MARILYN KELLY, J.
George Skotzke appeals as of right from an order allowing consummation of a sale of real estate. He argues that the agreement to purchase the property violated the statute of frauds, as it contained no purchase price. He claims that the court erroneously supplied the missing terms. He claims that the judge erred in rendering his opinion based upon arguments and an affidavit, without providing an opportunity for a full evidentiary hearing. Finally, he asserts that the judge erred in allowing consummation of the sale, there being a conflict of interest in that the fiduciary sold the property to herself. We affirm.
The appellee filed a petition to close the sale of the condominium pursuant to the purchase agreement. Her brother, appellant George Skotzke, opposed the petition.
The appellant argues that the purchase agreement violated the statute of frauds, because it lacked a purchase price.
MCL 566.106; MSA 26.906 provides:
Case law has established that to comport with this statute, a writing transferring an interest in land must be certain and definite. Generally, the parties, property, consideration and time of performance must be included. McFadden v Imus, 192 Mich.App. 629, 633; 481 N.W.2d 812 (1992); Marina Bay Condominiums, Inc v Schlegel, 167 Mich.App. 602, 606; 423 N.W.2d 284 (1988).
In Benedek v Mechanical Products, Inc,
Appellant argues that there is a difference between price and consideration. He asserts that, while the statute allows consideration to be proven by other evidence, the price must be contained within the four corners of the purchase agreement. We find this argument unconvincing. Here, the consideration and the purchase price were one and the same.
Unpublished opinions do not, of course, furnish binding precedent. MCR 7.215(C)(1). Also, the Jankowski opinion failed to mention whether MCL 566.109; MSA 26.909 had been considered. We find that the statute of frauds must be read in conjunction with MCL 566.109; MSA 26.909. As a consequence, the purchase agreement for this property did not violate the statute of frauds if other legal evidence of the consideration was shown.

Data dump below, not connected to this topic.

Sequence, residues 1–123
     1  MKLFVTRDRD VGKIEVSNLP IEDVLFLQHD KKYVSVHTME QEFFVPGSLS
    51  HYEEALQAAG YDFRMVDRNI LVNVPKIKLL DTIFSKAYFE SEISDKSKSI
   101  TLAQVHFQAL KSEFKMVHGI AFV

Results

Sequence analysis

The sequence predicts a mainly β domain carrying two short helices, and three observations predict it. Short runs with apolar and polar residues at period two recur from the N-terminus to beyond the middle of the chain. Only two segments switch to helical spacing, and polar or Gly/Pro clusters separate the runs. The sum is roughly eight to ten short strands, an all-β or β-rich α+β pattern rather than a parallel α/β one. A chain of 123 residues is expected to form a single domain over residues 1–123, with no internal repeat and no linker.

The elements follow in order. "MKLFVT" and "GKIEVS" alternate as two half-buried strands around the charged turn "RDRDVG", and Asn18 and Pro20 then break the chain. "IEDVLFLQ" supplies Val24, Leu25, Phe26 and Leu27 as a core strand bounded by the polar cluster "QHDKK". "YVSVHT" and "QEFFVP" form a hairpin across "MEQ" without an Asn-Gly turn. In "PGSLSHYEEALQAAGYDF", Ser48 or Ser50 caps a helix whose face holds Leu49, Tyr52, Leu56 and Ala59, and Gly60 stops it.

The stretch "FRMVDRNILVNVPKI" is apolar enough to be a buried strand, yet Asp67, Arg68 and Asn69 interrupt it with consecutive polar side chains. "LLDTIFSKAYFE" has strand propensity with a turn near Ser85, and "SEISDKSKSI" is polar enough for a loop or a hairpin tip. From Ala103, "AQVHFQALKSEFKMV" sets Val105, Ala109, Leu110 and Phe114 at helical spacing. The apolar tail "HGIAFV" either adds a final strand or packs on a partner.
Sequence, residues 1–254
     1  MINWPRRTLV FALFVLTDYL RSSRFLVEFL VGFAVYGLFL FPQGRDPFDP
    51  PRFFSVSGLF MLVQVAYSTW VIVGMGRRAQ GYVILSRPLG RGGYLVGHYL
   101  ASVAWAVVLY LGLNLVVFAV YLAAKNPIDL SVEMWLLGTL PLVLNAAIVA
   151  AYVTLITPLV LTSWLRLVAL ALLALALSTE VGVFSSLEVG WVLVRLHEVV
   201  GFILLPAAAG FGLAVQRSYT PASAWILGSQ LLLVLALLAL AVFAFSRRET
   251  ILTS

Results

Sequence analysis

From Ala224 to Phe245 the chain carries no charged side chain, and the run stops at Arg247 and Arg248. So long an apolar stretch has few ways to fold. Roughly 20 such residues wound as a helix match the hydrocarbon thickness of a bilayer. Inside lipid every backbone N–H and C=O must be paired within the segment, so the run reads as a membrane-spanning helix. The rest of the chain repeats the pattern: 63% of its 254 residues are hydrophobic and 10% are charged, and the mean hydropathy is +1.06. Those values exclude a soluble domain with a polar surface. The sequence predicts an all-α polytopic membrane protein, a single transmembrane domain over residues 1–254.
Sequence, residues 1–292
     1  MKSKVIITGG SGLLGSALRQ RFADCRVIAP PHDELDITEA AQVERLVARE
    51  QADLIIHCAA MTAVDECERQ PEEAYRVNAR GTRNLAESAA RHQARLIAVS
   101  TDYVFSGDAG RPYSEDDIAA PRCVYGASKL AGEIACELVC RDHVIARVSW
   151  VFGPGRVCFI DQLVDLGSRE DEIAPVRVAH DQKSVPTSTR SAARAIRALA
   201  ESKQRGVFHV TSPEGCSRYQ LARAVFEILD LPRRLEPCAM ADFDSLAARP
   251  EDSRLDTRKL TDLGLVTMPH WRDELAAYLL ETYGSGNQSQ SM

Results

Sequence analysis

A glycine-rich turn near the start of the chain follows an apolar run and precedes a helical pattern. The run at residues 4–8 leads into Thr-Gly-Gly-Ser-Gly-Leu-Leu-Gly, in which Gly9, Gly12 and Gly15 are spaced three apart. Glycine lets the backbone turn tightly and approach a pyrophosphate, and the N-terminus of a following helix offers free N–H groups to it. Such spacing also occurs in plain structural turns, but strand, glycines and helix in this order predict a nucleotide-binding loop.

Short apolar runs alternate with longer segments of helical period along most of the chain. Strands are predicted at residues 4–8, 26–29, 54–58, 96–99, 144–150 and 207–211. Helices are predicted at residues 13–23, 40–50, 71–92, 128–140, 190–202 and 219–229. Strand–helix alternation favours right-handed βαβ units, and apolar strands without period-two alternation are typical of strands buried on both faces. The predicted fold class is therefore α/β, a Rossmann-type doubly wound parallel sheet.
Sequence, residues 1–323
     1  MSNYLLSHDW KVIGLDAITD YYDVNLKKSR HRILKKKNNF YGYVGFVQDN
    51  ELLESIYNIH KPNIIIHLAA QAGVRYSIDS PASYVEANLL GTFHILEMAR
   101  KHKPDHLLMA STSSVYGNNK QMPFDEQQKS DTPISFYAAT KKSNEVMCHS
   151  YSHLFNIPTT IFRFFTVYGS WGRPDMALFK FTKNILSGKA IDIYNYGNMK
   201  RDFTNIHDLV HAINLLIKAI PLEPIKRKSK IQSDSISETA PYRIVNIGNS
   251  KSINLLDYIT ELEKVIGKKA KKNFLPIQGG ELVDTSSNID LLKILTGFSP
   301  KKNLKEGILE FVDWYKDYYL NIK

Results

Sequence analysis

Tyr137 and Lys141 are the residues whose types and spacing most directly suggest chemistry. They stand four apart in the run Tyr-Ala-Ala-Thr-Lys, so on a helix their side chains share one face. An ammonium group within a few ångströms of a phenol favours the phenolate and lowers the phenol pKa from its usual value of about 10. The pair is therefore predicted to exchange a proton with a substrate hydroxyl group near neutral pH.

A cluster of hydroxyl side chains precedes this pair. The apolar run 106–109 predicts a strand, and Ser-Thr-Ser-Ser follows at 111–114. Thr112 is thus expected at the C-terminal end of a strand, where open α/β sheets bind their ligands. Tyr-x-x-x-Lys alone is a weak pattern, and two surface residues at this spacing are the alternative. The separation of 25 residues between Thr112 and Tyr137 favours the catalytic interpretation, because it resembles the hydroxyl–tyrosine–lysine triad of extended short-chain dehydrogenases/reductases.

At the hearing below, appellee introduced evidence of the missing price by way of an affidavit of the real estate agent who witnessed the execution of the purchase agreement. The affidavit indicated that the agreed upon purchase price was the mortgage balance plus closing costs. It had not been added initially to the purchase agreement, because the exact amount could not be readily confirmed.
We must determine whether the affidavit constituted "other legal evidence." Where a contract is clear and unambiguous, parol evidence cannot be admitted to vary it. Central Transport, Inc v Freuhauf Corp, 139 Mich.App. 536, 544; 362 N.W.2d 823 (1984). Prerequisite to application of the parol evidence rule is a
Here, it is evident that the purchase agreement was incomplete. The agreement indicated that appellee would pay cash for the condominium, but the price was not included. The real estate agent's affidavit was admissible to determine whether the agreement was complete. It stated that the purchase price was not inserted into the agreement, because it could not be ascertained with precision on that date. The affidavit, therefore, was "other legal evidence" under the statute and could establish the purchase price. Bosley v Prueter, 44 Mich.App. 716; 205 N.W.2d 861 (1973). We conclude that the parol evidence rule did permit admission of the affidavit.
Next, appellant argues that the probate court erred in reaching its decision without providing a full hearing. The issues before the judge were whether the purchase agreement violated the statute of frauds, and whether the affidavit of the broker could be used to insert the purchase price. As to these issues, there was no dispute with respect to the facts, and it became a question of law to be decided by the court. Dykema v Muskegon Piston Ring Co, 348 Mich. 129, 138; 82 N.W.2d 467 (1957). Therefore, a full evidentiary hearing was unnecessary.
Finally, appellee argues that consummation of the sale was improper, because it gave rise to a conflict of interest in that appellee, a fiduciary, sold the property to herself.
MCL 700.642; MSA 27.5642 provides:
We agree with the judge that what is pertinent is the parties' position at the time the agreement was signed. Appellee had no fiduciary capacity at that time. Moreover, each interested party of the estate was notified of the sale, and the court oversaw it. Under the facts of this case, we cannot find a violation of the statute.